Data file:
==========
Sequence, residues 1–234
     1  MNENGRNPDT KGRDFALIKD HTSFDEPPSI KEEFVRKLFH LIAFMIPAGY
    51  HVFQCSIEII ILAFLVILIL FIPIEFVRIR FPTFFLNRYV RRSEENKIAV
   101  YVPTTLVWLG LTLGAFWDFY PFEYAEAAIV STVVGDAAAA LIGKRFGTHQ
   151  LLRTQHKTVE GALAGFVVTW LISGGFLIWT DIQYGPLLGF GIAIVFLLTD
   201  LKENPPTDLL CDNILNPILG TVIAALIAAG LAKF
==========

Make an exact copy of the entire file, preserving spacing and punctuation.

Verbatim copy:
Sequence, residues 1–234
     1  MNENGRNPDT KGRDFALIKD HTSFDEPPSI KEEFVRKLFH LIAFMIPAGY
    51  HVFQCSIEII ILAFLVILIL FIPIEFVRIR FPTFFLNRYV RRSEENKIAV
   101  YVPTTLVWLG LTLGAFWDFY PFEYAEAAIV STVVGDAAAA LIGKRFGTHQ
   151  LLRTQHKTVE GALAGFVVTW LISGGFLIWT DIQYGPLLGF GIAIVFLLTD
   201  LKENPPTDLL CDNILNPILG TVIAALIAAG LAKF